Rayavaram in Guduru mandal of Krishna district has become a mute witness to the dwindling number of handloom weavers. From nearly 400 a decade ago, there are barely a 100 now. The improvisation by some progressive weavers by incorporating Pochampally flower motifs in saris and weaving fabric meant for shirting and women’s dress material has not helped the cause much, as the income prospects, which still remain meagre, have kept the young generation away from the art of weaving.
According to the Rayavaram panchayat authorities, a majority of the over 2,500 people from the weavers’ community were associated directly or indirectly with the craft, but poor access to market and low returns had reportedly forced most of them to quit the ancestral profession and go in search of other employment avenues. “It’s disheartening to see many of our fellow weavers turn into agricultural and construction workers to eke out a livelihood. Even my two children [boys] do not wish to learn our art,” Kandula Rama Krishna, a weaver, told The Hindu. In his 40s, Mr. Rama Krishna and his wife Siva Parvathi are still dependent on the art, which they have inherited from their parents.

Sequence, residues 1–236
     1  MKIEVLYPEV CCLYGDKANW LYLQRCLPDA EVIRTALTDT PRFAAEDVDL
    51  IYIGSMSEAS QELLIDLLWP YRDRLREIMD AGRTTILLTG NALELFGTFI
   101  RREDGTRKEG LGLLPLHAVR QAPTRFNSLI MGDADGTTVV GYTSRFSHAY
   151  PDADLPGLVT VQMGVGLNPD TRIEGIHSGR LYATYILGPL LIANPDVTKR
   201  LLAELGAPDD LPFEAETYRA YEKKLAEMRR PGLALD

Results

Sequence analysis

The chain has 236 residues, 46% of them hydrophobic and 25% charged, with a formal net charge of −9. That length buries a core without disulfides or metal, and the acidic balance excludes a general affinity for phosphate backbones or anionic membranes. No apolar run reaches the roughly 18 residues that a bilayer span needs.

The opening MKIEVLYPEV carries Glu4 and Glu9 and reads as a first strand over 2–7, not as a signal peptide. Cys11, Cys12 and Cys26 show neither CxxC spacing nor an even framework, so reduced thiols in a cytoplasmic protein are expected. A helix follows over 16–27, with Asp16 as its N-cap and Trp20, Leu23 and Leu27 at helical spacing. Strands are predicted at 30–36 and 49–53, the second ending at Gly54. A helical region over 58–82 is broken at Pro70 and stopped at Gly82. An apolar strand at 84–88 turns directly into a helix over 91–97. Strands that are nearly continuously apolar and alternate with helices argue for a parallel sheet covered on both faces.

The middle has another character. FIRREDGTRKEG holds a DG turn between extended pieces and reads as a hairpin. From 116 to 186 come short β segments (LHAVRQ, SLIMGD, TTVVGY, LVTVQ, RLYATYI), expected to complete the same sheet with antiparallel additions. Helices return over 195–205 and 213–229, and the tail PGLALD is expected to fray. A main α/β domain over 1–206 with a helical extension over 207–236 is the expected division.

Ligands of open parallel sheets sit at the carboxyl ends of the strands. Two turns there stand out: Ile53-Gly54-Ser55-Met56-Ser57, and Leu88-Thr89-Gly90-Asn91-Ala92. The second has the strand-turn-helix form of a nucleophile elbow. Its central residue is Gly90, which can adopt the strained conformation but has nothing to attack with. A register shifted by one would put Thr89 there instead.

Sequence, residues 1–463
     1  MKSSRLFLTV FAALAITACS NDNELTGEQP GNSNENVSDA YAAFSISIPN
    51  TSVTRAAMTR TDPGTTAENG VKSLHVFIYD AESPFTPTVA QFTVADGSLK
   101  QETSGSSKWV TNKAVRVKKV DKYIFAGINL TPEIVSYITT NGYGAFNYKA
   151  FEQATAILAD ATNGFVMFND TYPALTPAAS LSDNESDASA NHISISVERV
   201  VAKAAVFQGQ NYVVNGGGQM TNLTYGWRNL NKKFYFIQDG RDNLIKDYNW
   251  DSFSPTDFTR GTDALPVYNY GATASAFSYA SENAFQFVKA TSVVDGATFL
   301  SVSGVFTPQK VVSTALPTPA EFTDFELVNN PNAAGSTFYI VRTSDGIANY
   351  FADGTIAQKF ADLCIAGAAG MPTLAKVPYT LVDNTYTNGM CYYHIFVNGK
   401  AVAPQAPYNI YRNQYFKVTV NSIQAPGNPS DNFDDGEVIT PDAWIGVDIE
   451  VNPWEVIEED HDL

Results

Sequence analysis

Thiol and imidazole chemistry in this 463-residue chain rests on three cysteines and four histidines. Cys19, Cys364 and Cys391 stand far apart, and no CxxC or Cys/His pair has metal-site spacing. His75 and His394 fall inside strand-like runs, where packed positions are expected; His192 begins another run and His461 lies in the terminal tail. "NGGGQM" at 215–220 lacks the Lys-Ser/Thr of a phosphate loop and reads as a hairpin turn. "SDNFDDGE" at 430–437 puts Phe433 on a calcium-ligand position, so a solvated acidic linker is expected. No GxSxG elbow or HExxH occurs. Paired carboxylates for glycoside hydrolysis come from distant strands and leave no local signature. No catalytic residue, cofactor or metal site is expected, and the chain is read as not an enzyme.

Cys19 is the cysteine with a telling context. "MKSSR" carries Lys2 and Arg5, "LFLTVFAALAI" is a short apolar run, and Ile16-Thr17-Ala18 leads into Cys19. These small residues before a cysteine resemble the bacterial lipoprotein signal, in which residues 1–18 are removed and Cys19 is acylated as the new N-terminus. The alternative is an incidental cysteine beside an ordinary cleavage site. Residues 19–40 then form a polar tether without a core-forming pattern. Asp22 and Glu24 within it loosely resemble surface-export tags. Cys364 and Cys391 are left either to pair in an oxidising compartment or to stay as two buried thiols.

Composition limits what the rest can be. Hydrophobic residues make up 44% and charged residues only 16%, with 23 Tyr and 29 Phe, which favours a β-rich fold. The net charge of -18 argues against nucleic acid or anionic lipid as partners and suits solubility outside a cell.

The couple manage to weave a pack of six saris a week, earning barely ₹2,000 in a system in which an investor provides yarn and other input cost. The same pack with Pochampally flower motif fetches ₹3,000 in a weavers’ co-operative society. “Neither of the two marketing systems, the master weaving and the co-operative society, offers an income that compensates the labour which goes into weaving a sari,” says Ms. Siva Parvathi.
With falling incomes and standards of living, sarpanch T. Srinivas sees no hope of a revival of the art. He had brought the plight of the weavers to the notice of a high-level State government team which visited the village during May-end.
“Our field visit to Rayavaram is a humble beginning to connect them to a better marketing chain apart from bringing in more innovation in product and skill development through the State and Central government wings,” says A.P. Bhavan Resident Commissioner Arja Srikanth.